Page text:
Henk was not appreciated for all that back then, and that did not become any better when he had a promotion-plane flying over Amsterdam, in 1985, with the text : “The Bulldog, the first, the best, the biggest !” After 25 years of cannabisness and fighting all forces against him, Henk de Vries is still going strong, and an asset to the coffeeshopculture.


The Dutch government made a big decision in changing their Opiumwet (Druglaws), by separating drugs in two major classes, harddrugs and softdrugs.

Heroin, Cocain, XTC and amfetamins, chemical drugs with unacceptable hazards for national health, were and are considered “Harddrugs”.

Cannabisproducts like hash and marihuana, natural products, without chemical addition, were and are considered “Softdrugs”.

This step was taken to keep the users of cannabis away from harddrugsusers, by allowing the sales of small quantities of cannabis from regulated outlets. By not allowing the sales and use of any other drugs in those outlets, this system succesfully stood firm against those who accuse cannabis of being a gateway drug. By having cannabis available, the step to harddrugs could be prevented, and it did, the number of problematic harddrugusers ( aka: Junks) in Holland is the lowest throughout Europe. The minimum age for admittance was 16 years, until 1994, when the government changed that minimum to 18 years of age. That was very counterproductive, and should be changed back, to ensure the 16-17 year olds of a safe enviroment to purchase and use softdrugs, the streetdealers that supply these youth’s with cannabis from then, might also be involved in the dealing of harddrugs.


The coffeeshops in Amsterdam were an inspiration for smokers from the whole of Holland, and they started to open coffeeshops and teahouses all over the country.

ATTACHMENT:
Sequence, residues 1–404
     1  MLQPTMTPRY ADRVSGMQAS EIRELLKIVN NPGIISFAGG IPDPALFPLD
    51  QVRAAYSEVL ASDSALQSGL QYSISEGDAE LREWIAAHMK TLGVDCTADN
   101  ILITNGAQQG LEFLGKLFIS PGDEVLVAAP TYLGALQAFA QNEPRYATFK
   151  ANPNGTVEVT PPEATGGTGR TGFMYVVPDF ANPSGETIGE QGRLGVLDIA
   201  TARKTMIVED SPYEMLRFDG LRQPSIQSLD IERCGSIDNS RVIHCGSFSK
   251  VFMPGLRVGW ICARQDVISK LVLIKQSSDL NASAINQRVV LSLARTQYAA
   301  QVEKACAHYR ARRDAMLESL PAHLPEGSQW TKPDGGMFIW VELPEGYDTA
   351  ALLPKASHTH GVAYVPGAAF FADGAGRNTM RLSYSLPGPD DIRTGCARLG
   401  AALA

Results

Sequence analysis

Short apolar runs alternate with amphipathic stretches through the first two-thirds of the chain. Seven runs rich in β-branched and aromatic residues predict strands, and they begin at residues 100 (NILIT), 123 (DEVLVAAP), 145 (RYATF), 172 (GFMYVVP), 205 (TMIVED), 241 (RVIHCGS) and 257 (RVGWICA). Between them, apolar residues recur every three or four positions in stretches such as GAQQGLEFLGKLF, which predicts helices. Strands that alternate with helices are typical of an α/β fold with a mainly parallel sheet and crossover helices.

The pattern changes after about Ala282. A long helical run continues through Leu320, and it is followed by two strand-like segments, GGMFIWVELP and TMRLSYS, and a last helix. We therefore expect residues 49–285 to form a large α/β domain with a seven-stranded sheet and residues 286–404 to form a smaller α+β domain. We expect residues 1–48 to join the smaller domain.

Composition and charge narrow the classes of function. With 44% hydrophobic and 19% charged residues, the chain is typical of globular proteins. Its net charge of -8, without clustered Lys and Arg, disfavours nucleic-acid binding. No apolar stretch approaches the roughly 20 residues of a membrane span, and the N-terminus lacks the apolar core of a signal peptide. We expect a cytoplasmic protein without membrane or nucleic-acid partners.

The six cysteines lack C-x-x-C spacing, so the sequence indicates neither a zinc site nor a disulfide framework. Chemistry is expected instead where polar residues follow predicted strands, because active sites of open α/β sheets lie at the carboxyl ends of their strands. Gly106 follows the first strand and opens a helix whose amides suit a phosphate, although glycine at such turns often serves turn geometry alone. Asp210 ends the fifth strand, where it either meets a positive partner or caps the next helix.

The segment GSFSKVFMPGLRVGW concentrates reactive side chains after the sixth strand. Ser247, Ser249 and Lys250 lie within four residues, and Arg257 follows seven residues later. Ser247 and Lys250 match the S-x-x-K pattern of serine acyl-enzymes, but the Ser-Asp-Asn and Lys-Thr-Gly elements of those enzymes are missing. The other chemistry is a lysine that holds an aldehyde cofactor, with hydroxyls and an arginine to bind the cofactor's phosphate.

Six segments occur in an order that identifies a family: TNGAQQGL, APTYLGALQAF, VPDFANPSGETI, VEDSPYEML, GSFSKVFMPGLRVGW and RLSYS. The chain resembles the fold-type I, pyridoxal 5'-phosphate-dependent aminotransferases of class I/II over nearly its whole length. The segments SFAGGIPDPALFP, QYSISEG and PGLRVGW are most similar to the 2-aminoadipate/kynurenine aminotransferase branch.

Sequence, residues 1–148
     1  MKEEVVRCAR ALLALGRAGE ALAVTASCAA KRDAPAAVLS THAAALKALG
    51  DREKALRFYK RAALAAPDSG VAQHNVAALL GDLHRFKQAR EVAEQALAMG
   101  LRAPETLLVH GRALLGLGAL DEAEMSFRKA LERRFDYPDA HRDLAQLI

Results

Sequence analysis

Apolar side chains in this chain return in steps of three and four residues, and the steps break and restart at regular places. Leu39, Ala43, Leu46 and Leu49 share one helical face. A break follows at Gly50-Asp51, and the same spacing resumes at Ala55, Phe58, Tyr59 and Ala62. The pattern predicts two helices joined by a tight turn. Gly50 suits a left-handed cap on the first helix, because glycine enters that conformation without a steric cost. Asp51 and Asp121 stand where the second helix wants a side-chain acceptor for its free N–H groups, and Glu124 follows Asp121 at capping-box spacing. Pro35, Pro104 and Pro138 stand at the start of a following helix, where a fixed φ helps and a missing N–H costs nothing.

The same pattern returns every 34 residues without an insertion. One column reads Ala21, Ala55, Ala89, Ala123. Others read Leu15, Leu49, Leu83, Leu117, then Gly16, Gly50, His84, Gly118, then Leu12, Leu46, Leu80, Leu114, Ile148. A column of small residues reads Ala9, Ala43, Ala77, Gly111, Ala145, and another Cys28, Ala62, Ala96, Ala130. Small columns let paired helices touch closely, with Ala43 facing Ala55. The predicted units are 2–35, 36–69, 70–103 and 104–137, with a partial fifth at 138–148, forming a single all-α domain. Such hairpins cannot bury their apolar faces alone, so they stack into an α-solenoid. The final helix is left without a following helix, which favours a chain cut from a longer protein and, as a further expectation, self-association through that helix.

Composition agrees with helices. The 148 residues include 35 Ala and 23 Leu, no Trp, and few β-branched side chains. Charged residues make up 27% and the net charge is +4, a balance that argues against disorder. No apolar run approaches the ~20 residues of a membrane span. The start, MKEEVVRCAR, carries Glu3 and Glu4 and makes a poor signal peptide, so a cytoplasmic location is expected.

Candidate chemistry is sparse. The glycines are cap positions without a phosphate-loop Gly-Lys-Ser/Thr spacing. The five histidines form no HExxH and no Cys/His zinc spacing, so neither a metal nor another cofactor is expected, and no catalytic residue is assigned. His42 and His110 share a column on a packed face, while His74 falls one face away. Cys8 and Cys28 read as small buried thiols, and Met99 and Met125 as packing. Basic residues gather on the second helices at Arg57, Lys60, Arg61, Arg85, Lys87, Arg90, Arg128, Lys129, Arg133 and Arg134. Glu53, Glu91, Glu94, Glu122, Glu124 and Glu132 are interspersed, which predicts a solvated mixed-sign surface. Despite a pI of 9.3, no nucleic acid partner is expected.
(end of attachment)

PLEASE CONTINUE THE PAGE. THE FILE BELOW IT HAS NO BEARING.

Local housedealers came out in the open, and started to sell cannabis in former bars and café’s, some in combination with alcohol, some with only coffee and tea.
It caused some trouble in the border area’s, when Germany started to complain about a youth-center in Enschede, that sold hash, that might attract German smokers !
The Germans had it their way, the sales were forbidden. In other border area cities, like Arnhem and Nijmegen, coffeeshops started as well, but kept the sales low profile. The police left them alone, no trouble, no attention, no police enforcement.

All this drove up the prices of the hash, the buildings and staff in the strongly commercialising cannabusiness had to be paid, but still remained affordable for those interested.
It was the Wild West era of coffeeshopping, nobody minded selling larger quantities, because there were no legal limits to the tolerated sales of softdrugs, only the 30 gram for personal use restriction, but that was never held in account during that period.
The police was still to occupied with the heroin and cocainsmuggling organisations, they did catch and confiscate big hashtransports, but the involved suspects were usually released after six hours.
Thusway, it was made easy for criminals, involved in major drugtransports, to get their operations going, wich led to huge conflicts in the ‘underworld ’. Hash had become big business. People and organisations started to ripp eachother off, or even intercepted loads on their arrival, nobody was to be trusted.
The police was always two steps behind, as they found out in 1987, when they realised they allowed the creation of a humungous monster, consisting of a couple of multi-billion hash-organisations, smuggling huge quantities to Europe and other parts of the world.
It gave Holland a bad reputation, and lead to an isolated position in Europe and the rest of the world, who were calling the Netherlands a Drugnation.


Around 1990, Holland counted around 1450 coffeeshops, 400 in Amsterdam, the other 1000+ spread over the 12 provinces, with concentration in the bigger cities, and in the border area’s with Belgium and Germany.